The whole “teenage girls are forced to compete for the chance to become someone’s wife” is never adequately critiqued

America berates Maxon for the unfairness of the selection a few times, but his response is usually that life is unfair. The Selection is supposed to be a dystopia, and this genre offers the perfect excuse to critique how gender is treated in society. However, this basically never happens in The One or any of the other books. No one bats an eye at two young teenagers, one of them not even a legal adult, getting married. There is no suggestion that the entire process was incredibly demeaning and unfair to the contestants. We never follow up with the rejected women, and there is little exploration about how these women feel about the whole competition. America’s feelings of frustration and inequality are dismissed as in the end she gets a husband and a crown. What message does that send about the selection and gender roles? About the value of young women in Illea? There are so many problematic aspects of the selection if viewed through a gendered lens, and the complete lack of attention paid to these ethical issues is disturbing.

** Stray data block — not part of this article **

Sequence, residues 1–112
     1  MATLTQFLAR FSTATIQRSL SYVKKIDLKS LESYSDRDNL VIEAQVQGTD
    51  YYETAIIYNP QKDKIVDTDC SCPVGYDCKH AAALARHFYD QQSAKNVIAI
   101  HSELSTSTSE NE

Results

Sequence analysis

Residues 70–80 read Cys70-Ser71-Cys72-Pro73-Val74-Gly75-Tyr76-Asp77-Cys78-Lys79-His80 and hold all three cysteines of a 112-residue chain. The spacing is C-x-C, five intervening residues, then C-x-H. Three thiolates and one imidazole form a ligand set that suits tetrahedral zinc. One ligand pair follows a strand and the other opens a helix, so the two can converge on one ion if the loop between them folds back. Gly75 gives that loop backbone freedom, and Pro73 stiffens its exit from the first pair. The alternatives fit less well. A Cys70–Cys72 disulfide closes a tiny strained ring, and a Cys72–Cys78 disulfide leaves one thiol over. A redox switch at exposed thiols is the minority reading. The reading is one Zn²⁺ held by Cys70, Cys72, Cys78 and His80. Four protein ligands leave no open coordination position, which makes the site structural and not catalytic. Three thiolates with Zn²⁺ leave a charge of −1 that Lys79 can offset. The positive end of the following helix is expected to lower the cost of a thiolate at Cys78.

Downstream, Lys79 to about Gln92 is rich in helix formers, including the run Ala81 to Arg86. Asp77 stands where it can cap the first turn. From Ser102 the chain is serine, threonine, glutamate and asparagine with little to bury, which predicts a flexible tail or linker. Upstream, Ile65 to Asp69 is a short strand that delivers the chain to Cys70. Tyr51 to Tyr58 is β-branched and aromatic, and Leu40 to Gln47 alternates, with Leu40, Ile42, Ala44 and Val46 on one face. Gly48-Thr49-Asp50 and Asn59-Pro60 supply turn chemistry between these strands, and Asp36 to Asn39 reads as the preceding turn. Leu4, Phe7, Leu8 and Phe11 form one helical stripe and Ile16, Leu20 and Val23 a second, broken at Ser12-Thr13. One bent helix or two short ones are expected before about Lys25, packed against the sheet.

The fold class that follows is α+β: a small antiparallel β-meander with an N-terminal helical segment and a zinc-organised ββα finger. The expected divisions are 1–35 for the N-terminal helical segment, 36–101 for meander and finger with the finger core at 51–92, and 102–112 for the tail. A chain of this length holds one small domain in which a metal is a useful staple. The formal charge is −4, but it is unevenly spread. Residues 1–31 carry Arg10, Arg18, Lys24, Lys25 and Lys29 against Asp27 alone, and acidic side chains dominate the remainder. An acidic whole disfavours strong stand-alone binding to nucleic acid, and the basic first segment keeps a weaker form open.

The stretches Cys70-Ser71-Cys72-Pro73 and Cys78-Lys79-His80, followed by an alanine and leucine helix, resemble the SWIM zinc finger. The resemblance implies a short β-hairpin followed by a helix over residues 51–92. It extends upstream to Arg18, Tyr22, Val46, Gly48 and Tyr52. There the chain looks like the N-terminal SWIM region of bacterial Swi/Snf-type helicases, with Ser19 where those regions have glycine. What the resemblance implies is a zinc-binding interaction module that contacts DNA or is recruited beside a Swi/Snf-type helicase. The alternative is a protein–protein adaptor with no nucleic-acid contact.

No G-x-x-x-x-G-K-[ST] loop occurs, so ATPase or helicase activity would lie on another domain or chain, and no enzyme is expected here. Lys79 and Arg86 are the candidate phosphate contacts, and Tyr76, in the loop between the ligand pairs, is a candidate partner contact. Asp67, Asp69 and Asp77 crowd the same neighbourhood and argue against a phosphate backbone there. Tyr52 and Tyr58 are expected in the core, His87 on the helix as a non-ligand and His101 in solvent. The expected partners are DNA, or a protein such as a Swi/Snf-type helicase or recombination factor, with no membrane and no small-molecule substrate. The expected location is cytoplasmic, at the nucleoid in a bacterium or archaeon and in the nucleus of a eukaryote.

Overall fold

Final Thoughts

The One may have been the strongest of The Selection novels, but it still failed to deliver a well-constructed story or a satisfactory conclusion. America spent three books absorbed in her own self-focused needs and desires, and little has changed by the end of the series. The love triangle is over, but given Maxon’s lack of trust for America, I don’t have high hopes for their marriage. The country should be in shambles despite the narrative’s attempt to tell me otherwise, and the plot resolutions seemed flimsy and likely to blow up in everyone’s faces. The lack of care for writing techniques and rules in this book make me angry that such a slight to the craft was ever published without significant revision. This is a great series to read as an example of what not to do when writing a book, but it is not an entertaining or fulfilling love story or dystopia.